The truth is, it is a two way street. I could have been a better asset to the community I lived in, and they could have been better to me by allowing me to be open and free.

    Neither of us are solely to blame for me leaving. In fact, the onus is on me completely. Fortunately, I don’t believe in a God that will punish me and send plagues upon me because I don’t attach an Arabic word to my identity.

  4. By the way, I had a somewhat of a mentor/mentee relationship and I did not like it. So, I don’t completely agree with the part about the mentoring. Then again, my relationship with that person sort BECAME a mentor/mentee relationship without me asking for it. So, your idea is probably much different than what I experienced.

    Comment by Anonymous — October 10, 2007

  5. I have just became a Baha’i last year in September, and even then, I feel that there are so many tests that really push me towards thoughts of leaving the Faith either soon or later.

    Being a Baha’i and being part of a city where things between the Universal House of Justice and the opinions of other Baha’is are blurred, make things for me difficult, and I feel that there is not enough to be done with creating a Baha’i society where freedom and unity come together. With the repetitions of people being elected on Assemblies, I have always remarked to myself that the Faith is still too young to develop capacities in other people so that they can become voted too…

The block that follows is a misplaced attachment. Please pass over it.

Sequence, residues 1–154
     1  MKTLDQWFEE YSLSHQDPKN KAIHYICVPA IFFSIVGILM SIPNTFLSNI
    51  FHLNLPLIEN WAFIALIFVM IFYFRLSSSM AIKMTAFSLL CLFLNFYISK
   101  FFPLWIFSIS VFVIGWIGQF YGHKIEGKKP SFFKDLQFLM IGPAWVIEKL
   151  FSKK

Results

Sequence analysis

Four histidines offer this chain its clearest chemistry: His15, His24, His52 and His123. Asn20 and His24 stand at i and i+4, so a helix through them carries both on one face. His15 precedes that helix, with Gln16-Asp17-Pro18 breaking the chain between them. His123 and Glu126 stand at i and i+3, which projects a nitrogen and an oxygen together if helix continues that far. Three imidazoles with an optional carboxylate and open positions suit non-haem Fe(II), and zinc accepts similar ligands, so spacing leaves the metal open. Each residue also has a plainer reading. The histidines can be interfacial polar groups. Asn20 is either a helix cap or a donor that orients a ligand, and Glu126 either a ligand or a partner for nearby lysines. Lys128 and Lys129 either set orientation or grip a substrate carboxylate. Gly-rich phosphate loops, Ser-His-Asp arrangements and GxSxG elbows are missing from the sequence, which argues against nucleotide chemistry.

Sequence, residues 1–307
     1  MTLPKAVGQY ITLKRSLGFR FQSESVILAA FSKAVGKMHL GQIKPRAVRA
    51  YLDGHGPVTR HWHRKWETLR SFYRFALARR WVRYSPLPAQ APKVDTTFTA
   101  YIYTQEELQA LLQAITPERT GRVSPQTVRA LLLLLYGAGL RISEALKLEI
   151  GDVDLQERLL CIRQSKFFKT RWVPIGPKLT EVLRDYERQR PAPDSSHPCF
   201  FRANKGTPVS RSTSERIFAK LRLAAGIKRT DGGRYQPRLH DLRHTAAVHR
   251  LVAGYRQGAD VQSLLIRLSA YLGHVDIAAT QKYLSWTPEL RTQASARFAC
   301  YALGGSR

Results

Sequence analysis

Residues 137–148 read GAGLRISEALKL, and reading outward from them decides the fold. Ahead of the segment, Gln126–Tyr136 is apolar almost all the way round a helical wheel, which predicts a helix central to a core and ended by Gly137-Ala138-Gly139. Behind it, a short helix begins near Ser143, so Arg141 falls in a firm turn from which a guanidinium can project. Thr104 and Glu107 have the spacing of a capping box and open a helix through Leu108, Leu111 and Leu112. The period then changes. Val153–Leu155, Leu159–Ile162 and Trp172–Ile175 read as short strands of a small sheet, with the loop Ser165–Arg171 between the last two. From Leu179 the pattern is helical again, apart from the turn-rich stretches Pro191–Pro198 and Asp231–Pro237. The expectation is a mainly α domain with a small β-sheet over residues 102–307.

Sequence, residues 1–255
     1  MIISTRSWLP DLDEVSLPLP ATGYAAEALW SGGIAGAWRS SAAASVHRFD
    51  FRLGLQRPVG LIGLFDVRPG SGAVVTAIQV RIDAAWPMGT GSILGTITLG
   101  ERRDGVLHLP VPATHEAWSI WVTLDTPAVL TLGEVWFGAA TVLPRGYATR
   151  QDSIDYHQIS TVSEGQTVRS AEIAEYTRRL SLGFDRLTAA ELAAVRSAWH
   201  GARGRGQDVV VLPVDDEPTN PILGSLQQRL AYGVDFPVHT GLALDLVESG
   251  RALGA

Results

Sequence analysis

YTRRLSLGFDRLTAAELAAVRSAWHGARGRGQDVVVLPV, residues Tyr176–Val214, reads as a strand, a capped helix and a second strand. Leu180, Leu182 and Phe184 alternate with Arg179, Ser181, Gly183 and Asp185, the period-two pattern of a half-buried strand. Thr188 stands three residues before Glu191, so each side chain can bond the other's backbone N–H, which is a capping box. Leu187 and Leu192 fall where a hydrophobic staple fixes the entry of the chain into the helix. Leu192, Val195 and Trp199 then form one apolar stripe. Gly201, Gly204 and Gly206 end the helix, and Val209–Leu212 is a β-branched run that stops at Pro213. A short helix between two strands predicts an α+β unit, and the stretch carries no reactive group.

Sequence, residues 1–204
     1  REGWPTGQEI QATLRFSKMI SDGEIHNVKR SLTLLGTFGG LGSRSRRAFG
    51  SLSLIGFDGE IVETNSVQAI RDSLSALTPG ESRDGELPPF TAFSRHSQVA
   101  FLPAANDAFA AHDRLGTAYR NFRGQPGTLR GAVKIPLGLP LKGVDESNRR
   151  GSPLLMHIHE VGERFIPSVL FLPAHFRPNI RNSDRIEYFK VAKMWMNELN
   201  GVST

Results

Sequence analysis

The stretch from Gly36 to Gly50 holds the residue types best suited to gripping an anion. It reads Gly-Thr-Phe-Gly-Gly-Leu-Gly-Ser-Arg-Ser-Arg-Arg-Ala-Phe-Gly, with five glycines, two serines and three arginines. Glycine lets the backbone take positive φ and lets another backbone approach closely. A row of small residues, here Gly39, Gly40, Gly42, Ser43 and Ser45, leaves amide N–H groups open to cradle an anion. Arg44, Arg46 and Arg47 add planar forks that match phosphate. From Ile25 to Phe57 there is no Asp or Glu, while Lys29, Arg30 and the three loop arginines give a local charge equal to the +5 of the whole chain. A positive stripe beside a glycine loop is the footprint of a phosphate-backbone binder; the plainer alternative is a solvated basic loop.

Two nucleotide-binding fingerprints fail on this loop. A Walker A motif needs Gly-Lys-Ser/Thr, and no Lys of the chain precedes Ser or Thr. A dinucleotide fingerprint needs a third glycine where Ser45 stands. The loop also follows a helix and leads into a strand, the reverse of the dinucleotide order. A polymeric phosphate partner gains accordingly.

But I feel that the more other younger people come into the Spiritual Assemblies, the less rigid the way the Baha’i organisation may become. After all, we must remember that as religion is progressive, so are the minds of those who are part of that religion. Without the ideas and opinions of the younger people influencing the Faith and rather following the blind imitations of our Fathers, we subject ourselves in a state where there is no renewal nor essentially spiritual responses that use the energies of the times.

    There was one woman who suggested putting limitations on the amount of service one does on such Assemblies, and I find that a very good way of reducing the repetitions of the same people on them. You mentorship program seems like a large-scale program, but if you are able to possibly do so, then I will fully support it!

    And I just have to agree bang-on with our fear of criticism, that it has become equalised to Covenant-Breaking, when really it is a matter of independent investigation of truth. Healthy doubt is sometimes necessary to become stronger in any faith or belief, and without doubt, then there is no search involved. I will not stand and let the intellectual capacities and potentialities that the Faith be muted. But going about it will be the most difficult thing for me to do…


    Comment by Kevyn Bello — October 20, 2007

    This was an inspiring article. I think there are some wonderful ideas here, and the tone is so loving and earnest!

    One thing about Ruhi courses, if you are a facilitator, you can always hold a class with others who share your interests in free discussion and dialogue, and then run a Ruhi course that is full of free inquiry, tough questions, and real heart-to-heart bonding and love. It can be done. Ruhi courses don’t have to be, by definition, awful.

    Comment by